Dr. Brooke Swearingen, MD
Department of Neurosurgery, Massachusetts General Hospital, Boston, MA
Dr. Swearingen received his MD from Harvard Medical School and trained in neurosurgery at Massachusetts General Hospital, where he currently practices. He is Associate Professor of Surgery at HMS and Associate Visiting Professor at MGH. His practice is focused on the surgical treatment of pituitary tumors, in association with the MGH Neuroendocrine Clinical Center. He has published extensively on clinical outcomes after pituitary surgery.
Dr. J. Blake Tyrrell, MD
Clinical Endocrinology & Metabolism, UCSF, San Francisco, CA
Dr. Mary Lee Vance, MD
Professor of Medicine and Neurosurgery, Endocrinology & Metabolism,
University of Virginia, Charlottesville, VA
Mary Lee Vance, M.D., Professor of Medicine and Neurosurgery, University of Virginia is a clinician, educator and clinical researcher with a dedication to studies of regulation of growth hormone secretion, treatment of patients with pituitary disorders, clinical trials of medications for the treatment of prolactin producing pituitary adenomas, Acromegaly, Cushing’s disease, diabetes insipidus, hypogonadism and outcomes of pituitary surgery and Gamma Knife radiation for pituitary tumors. She had published over 137 scientific articles in peer-reviewed medical journals, over 70 chapters in medical text books.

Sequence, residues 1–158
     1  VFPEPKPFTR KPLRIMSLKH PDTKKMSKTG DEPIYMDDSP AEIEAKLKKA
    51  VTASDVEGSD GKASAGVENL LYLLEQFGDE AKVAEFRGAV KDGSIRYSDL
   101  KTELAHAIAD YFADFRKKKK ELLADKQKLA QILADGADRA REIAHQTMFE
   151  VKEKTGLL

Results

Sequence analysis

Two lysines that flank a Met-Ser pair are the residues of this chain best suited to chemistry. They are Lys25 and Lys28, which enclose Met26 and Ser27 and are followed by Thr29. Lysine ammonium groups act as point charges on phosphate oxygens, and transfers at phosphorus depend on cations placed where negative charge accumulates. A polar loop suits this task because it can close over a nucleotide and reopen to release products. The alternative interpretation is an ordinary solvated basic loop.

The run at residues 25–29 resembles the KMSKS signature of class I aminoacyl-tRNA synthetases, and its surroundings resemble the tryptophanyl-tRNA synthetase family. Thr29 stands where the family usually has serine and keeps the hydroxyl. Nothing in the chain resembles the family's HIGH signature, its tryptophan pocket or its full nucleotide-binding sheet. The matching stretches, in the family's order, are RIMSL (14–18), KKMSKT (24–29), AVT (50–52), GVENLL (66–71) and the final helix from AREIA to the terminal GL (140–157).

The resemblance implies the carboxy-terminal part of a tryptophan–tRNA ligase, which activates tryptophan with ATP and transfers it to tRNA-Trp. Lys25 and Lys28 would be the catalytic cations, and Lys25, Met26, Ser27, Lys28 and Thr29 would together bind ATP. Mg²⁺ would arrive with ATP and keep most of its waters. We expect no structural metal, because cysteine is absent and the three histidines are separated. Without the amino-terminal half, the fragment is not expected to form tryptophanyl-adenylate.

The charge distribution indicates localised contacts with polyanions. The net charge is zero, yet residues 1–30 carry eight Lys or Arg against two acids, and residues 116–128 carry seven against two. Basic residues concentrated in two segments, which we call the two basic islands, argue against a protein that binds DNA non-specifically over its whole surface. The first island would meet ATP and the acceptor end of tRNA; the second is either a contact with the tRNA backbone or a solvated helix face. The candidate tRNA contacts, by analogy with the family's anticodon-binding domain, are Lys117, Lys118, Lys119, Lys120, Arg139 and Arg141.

Dr. Vance is an attending physician in the University of Virginia’s combined Neuroendocrine and Neurosurgery Pituitary service which provides a comprehensive and integrated evaluation and multidisciplinary approach to care and treatment of patients with pituitary disorders. With this combined and collaborative approach to the evaluation of patients with pituitary disorders, this has resulted in a model for an effective model for care of patients for pituitary disorders.
Dr. Martin Weiss, MD
Chairman, Professor of Neurological Surgery, University of Southern California, Los Angeles, CA
Dr. Weiss received his A.B, Magna Cum Laude, from Dartmouth College and his M.D. from Cornell University. A member of Phi Beta Kappa and Alpha Omega Alpha, he is presently Professor and The Martin H. Weiss Chair in Neurological Surgery at the University of Southern California where he chaired the Department of Neurological Surgery from 1978-2004. Dr. Weiss’ research interests have focused on studies of the dynamics of cerebrospinal fluid circulation, sub-cellular markers of neoplastic activity, and the clinical management of pituitary and parasellar tumors. He has served as Chairman of the Neurology B Study Section of the National Institute of Neurological Disorders and Stroke, the American Board of Neurological Surgery, the Residency Review Committee for Neurosurgery, the Neurosurgical Research and Education Foundation and Editor-in-Chief of Clinical Neurosurgery. He is past President of the American Association of Neurological Surgeons and The Society of Neurological Surgeons as well as Vice President of the American Academy of Neurological Surgery and the Congress of Neurological Surgeons. He is the recipient of the Cushing Medal from the AANS, the Jamieson Medal from the Austral-Asian Neurosurgical Society and the Cloward Medal from the Western Neurosurgical Society. Dr. Weiss served as a member of the Editorial Board of the Journal of Neurosurgery from 1987 to 1996 (Chairman 1995-1996) and is currently the Associate Editor for Neurosurgical Focus.